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    Don't get the mystery on the sidespin shots.
    They curve, like a curveball, simple.
    You can hit forehands that curve left, you can hit forehands that curve right. Just look at JimmyConnors's forehand.
     
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  31. 5263

    5263 G.O.A.T.

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    Yes, Rafa does some excellent things with the ball, but they have all been done historically I'm pretty sure.
    I have to bring out my former doubles partner who was a Nat'l champ in Squash and/or racketball (played both on Nat'l level).
    He could undoubtedly hit more spin than Rafa, often making the ball look more like a Frisbee than a ball. I've never seen anyone spin one like him; and during live points too.
    Crazy thing was returning his serve which came at you on an angle 45 degr off the court. I've seen players try to return it and hit the ball solid, nearly 90 degrees in the wrong direction. Truly amazing that guy.
     
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  32. LeeD

    LeeD Bionic Poster

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    Geez, where were you when I mentioned I used to play a B player who often hit the ball with sooo much spin that the ball went oval, and HISSED loudly.
    And he had the same serve! Short when he wanted it, heading about 45 degrees sideways and hitting the sidefence around NML depth.
    Bunch of huge # posters poo poo'ed me, saying it's impossible to make the ball go oval and HISS loudly, because THEY hadn't seen it.
    This guy was 6'3", and could absolutely POUND flat first serves. His problem was that he liked to toy with odd spin shots, and could often be beat if the opponent compensated and anticipated the weirdo spins and angles.
     
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  33. pvaudio

    pvaudio Legend

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    HOLY ****, that ball at 3:15 should have sued for battery after that serve :shock:
     
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  34. pvaudio

    pvaudio Legend

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    This is true, but hard to visualize because unlike all of your other examples, the object is spherical.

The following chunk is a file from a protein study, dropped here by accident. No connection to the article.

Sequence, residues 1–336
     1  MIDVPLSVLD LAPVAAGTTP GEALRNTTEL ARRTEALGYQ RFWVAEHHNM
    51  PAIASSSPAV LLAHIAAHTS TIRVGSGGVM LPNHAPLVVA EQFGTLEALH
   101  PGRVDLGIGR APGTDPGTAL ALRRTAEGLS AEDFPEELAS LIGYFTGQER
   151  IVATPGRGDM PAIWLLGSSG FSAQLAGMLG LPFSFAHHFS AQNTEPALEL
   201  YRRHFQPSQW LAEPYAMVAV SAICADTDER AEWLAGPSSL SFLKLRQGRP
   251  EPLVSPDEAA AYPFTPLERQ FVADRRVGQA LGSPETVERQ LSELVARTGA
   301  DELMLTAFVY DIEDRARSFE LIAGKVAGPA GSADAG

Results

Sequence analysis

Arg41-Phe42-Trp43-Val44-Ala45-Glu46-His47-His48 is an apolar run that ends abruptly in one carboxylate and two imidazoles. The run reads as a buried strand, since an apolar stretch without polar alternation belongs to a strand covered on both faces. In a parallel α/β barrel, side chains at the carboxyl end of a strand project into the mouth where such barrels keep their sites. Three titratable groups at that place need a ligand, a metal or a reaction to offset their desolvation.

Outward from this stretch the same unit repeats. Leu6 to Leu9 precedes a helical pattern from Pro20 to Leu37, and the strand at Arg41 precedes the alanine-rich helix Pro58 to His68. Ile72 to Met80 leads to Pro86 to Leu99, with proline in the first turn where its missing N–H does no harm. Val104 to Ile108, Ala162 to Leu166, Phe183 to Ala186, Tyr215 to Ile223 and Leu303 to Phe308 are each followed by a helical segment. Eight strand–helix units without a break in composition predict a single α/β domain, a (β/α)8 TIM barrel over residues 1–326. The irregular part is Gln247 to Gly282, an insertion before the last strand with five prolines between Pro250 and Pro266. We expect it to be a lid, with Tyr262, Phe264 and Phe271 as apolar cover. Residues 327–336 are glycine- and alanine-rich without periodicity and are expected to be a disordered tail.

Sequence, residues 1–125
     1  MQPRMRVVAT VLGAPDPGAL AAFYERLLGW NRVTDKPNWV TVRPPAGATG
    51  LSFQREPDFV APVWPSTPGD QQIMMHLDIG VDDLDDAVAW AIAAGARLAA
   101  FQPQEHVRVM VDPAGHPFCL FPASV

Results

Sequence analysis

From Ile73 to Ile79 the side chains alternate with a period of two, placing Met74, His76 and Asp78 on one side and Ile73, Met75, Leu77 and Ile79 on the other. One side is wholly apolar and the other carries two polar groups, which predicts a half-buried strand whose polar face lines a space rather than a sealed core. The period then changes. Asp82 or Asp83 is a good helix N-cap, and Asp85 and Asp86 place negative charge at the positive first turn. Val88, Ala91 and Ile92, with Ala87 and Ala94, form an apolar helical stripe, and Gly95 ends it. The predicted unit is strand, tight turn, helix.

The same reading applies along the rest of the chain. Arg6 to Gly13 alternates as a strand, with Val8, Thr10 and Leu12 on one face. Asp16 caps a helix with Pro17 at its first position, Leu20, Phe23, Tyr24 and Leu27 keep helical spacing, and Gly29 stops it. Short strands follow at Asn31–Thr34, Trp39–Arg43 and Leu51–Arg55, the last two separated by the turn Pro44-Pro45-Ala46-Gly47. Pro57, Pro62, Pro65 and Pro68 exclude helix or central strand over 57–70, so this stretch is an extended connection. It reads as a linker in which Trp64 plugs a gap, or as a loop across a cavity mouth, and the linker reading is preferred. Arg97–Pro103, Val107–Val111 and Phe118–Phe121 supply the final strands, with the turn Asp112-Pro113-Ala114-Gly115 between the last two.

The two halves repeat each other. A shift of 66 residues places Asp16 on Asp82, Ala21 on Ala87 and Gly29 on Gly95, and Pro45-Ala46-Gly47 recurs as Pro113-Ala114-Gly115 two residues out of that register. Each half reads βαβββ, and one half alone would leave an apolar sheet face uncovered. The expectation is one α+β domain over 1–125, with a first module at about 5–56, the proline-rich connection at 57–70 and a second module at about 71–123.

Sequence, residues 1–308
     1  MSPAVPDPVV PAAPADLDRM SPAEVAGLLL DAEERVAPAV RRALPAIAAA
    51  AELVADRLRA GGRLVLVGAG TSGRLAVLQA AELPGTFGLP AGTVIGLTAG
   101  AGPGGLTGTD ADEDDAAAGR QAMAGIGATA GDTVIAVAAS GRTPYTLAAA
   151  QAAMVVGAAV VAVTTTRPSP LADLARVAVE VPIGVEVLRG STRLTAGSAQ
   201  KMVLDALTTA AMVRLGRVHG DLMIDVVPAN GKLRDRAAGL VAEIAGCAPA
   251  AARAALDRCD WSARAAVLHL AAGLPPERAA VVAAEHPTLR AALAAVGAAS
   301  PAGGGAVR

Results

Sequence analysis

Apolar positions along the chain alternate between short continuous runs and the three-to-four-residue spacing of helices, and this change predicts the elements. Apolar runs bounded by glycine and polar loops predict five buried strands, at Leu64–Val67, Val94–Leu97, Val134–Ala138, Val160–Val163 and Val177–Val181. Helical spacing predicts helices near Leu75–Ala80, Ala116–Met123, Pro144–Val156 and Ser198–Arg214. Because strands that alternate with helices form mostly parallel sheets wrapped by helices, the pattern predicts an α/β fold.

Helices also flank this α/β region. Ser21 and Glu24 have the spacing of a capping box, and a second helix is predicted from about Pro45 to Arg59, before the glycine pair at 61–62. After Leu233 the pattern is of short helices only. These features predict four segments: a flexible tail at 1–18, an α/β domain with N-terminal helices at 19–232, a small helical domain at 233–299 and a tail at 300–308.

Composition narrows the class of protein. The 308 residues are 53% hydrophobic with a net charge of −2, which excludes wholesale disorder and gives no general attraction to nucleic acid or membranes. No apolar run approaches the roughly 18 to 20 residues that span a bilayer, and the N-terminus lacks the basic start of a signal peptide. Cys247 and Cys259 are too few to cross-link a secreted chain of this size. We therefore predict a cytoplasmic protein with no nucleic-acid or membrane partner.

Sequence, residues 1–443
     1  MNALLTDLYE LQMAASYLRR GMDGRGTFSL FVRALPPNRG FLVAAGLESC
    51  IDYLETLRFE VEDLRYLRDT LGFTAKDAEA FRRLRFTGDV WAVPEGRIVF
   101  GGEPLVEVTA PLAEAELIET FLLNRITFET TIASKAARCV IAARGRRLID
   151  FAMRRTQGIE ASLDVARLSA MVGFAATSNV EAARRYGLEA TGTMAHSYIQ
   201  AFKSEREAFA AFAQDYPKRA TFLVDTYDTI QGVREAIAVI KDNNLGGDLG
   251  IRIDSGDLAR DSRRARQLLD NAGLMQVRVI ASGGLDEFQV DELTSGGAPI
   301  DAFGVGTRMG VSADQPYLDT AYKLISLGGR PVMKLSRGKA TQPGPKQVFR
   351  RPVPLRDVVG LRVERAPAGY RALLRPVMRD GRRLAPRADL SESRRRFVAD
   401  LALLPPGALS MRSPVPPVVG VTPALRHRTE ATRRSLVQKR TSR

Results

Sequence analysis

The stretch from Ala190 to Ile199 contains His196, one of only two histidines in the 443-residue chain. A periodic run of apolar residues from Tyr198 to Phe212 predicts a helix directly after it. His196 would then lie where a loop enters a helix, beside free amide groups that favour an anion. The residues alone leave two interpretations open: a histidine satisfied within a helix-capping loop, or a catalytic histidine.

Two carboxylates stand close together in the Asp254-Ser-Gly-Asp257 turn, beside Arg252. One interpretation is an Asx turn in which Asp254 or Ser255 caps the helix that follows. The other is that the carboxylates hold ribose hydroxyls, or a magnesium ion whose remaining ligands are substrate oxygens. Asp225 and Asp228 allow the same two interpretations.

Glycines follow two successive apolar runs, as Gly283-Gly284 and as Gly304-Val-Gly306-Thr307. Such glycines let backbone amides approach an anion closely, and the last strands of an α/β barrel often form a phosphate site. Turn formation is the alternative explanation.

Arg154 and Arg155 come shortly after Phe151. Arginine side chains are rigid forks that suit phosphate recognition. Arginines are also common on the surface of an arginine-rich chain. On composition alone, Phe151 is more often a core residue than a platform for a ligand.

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  35. mntlblok

    mntlblok Professional

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    Whoa. That's scary - and massively impressive. Not sure those top three guys are human.

    Kevin
     
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  36. Funbun

    Funbun Professional

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    I've almost always have done this shot on accident on high balls, as a lefty. It's even costed me points, since the ball will sometimes drift sideways off the court when I want to go down the line.

    Contrary to what some may think, it doesn't necessarily have to occur because of a mishit.

    In practice, you would try to slap a high ball with as much topspin as possible. It's easiest to create spiral spin on high balls, as the racquet will brush the ball at a more extreme, diagonal angle to create the spiral spin and topspin components.

    It's served me well against kids who just moonball all the time.

    Bellucci apparently picked the right time and right placement to kill that high ball, on the right side of the court, for the lateral error you can get from the ball spinning like that.
     
    Last edited: May 2, 2012
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  37. LeeD

    LeeD Bionic Poster

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    You know all those posts about how to hit a low ball with a western grip?
    THAT's how you curve the ball when you're a lefty going DTL passing attempt. You hit the outside of the ball, it curves. It starts wide of the singles court, somewhere in the alley, then curves back inside the singles sidelines.